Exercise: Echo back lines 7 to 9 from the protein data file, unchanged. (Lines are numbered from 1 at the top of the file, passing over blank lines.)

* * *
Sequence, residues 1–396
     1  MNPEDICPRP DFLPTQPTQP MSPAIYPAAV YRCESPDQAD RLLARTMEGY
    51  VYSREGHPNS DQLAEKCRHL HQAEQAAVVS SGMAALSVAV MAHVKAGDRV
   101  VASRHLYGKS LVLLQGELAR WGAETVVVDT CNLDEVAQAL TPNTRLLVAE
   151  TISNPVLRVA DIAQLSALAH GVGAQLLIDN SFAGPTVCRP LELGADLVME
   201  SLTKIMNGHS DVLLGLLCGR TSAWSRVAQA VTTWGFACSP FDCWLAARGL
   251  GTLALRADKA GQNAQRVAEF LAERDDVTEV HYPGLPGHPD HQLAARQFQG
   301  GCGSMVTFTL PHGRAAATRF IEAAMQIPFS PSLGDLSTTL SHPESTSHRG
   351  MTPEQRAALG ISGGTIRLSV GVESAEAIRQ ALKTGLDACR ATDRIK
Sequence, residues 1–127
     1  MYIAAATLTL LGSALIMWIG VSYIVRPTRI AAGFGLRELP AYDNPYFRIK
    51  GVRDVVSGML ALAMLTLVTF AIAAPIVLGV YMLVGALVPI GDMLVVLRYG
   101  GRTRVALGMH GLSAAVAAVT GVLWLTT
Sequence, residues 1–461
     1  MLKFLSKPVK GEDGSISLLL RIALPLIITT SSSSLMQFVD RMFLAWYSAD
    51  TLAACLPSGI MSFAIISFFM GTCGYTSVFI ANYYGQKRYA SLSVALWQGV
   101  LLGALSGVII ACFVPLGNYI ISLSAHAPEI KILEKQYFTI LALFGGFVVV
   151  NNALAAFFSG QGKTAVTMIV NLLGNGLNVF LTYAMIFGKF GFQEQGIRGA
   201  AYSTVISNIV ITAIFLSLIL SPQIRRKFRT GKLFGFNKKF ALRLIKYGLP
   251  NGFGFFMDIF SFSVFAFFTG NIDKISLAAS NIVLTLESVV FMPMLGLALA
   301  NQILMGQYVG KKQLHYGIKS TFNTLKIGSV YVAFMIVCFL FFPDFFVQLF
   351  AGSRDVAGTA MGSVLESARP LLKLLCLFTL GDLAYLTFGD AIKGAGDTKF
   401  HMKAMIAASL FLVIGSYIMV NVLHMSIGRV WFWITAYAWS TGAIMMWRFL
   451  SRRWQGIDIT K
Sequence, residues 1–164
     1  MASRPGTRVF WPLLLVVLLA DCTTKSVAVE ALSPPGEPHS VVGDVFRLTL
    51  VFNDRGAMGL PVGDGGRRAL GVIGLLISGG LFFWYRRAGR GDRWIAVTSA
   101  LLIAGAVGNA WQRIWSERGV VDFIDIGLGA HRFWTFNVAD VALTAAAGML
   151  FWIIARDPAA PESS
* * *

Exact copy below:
   251  GTLALRADKA GQNAQRVAEF LAERDDVTEV HYPGLPGHPD HQLAARQFQG
   301  GCGSMVTFTL PHGRAAATRF IEAAMQIPFS PSLGDLSTTL SHPESTSHRG
   351  MTPEQRAALG ISGGTIRLSV GVESAEAIRQ ALKTGLDACR ATDRIK